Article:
Robinson goes on to point out the fact that other liberal opposition parties and their support network – such as Yabloko – have not been affected by the crackdown, which reinforces his conclusion.
The second piece, “Is Russia playing the victim, or is the sense of impending siege justified?”, is by historian and Russia expert Geoffrey Roberts, published here. Roberts provides a summary and analysis of Russia’s most recent National Security Strategy document:
Having sown the wind, the West will now reap the whirlwind. Two decades of failure to see Russia’s point of view or to understand why Moscow feels so threatened have helped to create not just a rival but an adversary, a state whose main mission is to isolate itself from Western power and influence at any cost.
Moscow’s current view is that external dangers to Russia have only multiplied and intensified in recent years. Accordingly, the National Security Strategy asserts that Russia and its citizens are under attack. A number of foreign states identify Russia as a threat or, worse, a military opponent. These same states strive to isolate Russia internationally and to interfere in its domestic affairs. Amid a tough global struggle for spheres of influence, the use of force to resolve international problems has become increasingly common. There is a moral vacuum at the global leadership level. The liberal democratic model is in crisis and Western states are attempting to solve their domestic problems at Russia’s expense.
Strategically, Russia will respond to this unstable and threatening situation by strengthening its military, enhancing its internal security, and reducing its dependence on foreign trade, finances, and technologies.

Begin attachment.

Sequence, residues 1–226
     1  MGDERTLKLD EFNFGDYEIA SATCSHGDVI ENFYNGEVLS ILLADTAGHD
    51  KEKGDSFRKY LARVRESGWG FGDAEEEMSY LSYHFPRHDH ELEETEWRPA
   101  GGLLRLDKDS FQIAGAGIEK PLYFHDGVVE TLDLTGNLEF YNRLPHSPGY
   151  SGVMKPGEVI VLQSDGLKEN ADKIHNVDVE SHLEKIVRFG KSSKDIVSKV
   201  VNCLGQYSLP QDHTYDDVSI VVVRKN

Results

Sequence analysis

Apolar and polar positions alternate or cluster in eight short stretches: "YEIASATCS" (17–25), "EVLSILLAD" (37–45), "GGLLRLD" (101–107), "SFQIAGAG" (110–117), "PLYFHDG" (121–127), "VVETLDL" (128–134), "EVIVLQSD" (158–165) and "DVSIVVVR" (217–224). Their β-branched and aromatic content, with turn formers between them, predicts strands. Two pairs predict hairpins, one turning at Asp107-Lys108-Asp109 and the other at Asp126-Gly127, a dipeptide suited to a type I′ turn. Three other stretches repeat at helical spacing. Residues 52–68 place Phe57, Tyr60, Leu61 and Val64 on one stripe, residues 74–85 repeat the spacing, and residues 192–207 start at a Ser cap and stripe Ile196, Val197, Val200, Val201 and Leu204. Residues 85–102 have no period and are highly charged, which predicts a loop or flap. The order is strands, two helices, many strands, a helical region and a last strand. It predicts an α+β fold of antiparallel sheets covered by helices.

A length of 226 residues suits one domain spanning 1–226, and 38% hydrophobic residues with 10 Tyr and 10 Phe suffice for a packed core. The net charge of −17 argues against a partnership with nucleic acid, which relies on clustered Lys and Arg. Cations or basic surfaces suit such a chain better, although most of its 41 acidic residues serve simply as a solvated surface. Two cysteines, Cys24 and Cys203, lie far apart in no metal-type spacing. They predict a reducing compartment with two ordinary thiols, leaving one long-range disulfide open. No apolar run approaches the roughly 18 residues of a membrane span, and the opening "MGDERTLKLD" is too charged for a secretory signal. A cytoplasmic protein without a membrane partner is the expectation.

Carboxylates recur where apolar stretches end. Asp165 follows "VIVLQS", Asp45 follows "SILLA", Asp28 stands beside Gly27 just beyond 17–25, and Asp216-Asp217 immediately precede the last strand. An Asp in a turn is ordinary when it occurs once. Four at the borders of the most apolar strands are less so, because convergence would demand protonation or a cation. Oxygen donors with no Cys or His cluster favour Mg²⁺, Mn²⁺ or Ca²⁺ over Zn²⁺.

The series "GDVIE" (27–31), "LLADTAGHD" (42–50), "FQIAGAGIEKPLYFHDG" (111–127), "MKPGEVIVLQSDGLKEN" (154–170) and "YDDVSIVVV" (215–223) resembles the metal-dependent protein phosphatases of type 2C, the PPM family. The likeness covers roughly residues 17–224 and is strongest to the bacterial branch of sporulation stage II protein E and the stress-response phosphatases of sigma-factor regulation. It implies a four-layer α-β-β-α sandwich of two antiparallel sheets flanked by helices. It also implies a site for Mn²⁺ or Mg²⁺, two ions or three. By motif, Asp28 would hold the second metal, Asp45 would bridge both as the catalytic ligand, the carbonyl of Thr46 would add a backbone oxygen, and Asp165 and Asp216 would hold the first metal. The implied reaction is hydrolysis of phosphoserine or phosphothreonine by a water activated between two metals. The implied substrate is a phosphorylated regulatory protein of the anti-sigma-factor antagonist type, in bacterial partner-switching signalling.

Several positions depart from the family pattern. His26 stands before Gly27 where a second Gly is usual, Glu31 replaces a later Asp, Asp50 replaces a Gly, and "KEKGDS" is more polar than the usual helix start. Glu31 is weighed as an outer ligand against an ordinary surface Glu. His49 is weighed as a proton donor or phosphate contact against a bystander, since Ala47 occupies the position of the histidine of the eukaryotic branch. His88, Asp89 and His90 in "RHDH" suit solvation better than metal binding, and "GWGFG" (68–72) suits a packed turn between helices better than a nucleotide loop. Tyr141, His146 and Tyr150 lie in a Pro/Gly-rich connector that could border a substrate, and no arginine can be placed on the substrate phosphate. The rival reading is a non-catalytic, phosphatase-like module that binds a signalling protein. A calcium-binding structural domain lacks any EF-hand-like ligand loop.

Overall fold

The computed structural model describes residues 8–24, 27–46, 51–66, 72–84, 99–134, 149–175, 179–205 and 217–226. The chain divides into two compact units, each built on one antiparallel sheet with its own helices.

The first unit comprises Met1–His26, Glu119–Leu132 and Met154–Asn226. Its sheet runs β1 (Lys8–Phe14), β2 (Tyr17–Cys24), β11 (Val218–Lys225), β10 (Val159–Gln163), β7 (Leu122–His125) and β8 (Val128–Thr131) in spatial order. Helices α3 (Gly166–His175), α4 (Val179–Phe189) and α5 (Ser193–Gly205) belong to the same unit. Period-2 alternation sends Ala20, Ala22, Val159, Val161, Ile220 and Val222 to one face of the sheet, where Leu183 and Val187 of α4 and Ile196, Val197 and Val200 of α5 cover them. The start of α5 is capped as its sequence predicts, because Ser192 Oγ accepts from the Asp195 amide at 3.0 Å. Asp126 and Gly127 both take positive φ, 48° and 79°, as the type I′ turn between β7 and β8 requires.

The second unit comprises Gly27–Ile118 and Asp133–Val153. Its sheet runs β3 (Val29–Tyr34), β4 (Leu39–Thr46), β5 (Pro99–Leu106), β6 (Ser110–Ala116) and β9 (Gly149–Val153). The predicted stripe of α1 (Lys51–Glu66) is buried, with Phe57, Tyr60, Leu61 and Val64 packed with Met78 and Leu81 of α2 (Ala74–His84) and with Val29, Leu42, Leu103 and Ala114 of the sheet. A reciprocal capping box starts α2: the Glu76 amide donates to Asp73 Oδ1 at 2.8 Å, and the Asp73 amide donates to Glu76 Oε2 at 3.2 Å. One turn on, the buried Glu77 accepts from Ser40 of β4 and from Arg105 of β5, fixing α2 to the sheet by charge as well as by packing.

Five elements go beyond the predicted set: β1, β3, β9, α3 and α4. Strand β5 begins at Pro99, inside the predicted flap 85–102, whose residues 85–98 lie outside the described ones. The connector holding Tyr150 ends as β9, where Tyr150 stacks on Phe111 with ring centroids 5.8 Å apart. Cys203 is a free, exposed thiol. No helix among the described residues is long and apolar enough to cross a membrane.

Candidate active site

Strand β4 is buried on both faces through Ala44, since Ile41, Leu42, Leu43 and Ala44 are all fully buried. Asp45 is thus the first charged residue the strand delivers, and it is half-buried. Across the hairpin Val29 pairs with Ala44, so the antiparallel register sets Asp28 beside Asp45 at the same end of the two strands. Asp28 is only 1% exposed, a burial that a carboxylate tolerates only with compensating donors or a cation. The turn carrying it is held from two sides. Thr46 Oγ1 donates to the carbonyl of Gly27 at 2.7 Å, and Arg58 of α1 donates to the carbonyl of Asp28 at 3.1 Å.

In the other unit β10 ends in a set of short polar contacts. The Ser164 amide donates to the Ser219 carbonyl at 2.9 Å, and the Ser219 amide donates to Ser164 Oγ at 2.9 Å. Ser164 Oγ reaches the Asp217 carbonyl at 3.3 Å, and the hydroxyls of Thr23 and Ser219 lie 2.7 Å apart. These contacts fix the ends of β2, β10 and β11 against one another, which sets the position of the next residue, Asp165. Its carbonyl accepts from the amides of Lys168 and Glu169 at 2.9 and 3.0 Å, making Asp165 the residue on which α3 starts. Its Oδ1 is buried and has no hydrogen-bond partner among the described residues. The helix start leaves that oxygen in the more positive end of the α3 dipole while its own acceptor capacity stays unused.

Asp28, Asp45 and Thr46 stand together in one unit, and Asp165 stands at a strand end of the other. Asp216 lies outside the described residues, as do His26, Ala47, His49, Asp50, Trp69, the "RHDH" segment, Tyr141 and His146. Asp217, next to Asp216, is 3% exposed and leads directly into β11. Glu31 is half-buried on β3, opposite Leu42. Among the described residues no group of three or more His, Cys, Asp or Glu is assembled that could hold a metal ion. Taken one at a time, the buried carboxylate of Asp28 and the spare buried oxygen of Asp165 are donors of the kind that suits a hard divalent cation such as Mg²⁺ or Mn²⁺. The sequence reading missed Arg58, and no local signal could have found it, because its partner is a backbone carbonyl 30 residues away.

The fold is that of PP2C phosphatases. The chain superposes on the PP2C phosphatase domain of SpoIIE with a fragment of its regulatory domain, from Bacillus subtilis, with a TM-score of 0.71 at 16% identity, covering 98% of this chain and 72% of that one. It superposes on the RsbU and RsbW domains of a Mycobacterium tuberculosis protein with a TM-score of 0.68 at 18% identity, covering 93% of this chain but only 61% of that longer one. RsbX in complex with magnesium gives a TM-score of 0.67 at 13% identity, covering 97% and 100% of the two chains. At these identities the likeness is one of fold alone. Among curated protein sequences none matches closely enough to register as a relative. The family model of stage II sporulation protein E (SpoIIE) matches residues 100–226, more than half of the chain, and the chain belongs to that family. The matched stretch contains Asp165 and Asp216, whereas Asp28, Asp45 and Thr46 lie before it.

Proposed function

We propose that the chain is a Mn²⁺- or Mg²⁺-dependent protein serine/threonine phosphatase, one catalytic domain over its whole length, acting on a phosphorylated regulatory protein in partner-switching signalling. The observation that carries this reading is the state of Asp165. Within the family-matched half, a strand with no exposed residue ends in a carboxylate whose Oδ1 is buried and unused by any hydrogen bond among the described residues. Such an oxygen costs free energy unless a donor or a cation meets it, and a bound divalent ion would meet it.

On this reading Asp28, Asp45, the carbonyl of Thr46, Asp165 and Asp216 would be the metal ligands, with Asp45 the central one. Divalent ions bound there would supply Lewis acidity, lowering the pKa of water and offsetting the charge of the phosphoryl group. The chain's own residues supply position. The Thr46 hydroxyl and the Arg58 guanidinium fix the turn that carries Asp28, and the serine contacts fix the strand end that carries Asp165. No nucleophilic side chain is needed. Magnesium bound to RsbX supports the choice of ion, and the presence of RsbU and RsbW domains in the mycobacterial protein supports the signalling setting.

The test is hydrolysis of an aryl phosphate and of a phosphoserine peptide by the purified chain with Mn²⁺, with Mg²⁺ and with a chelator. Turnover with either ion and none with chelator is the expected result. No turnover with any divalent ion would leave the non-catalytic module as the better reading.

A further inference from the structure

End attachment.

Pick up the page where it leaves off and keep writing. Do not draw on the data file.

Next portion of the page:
Equally, the document lays out Russia’s commitment to a unified international order based on legal norms and respectful, trust-based relations between states. It wants to strengthen international institutions, especially the United Nations Security Council, which it sees as the foundation of global order. It aspires to reduce the threat of war, curtail renewed arms races and develop new mechanisms to safeguard strategic stability in the nuclear sphere. Politics, diplomacy and peacekeeping are Russia’s preferred foreign policy instruments as it seeks cooperation with other states in relation to nuclear proliferation, climate change, migration, health threats and counterterrorism.
These internationalist commitments are welcome but they are thin gruel compared to past proposals by Moscow for Russo-American strategic partnership and pan-European collective security. As Russian analyst Dmitri Trenin has commented, the new strategy is designed for an era defined by an “increasingly intense confrontation with the United States and its allies.”
This sorry state of affairs is not seen as Russia’s doing, but the result of strident efforts by Western states to preserve their hegemony in an increasingly multipolar international system at a time of fierce all-around competition to control markets and financial resources.
Read the full article here.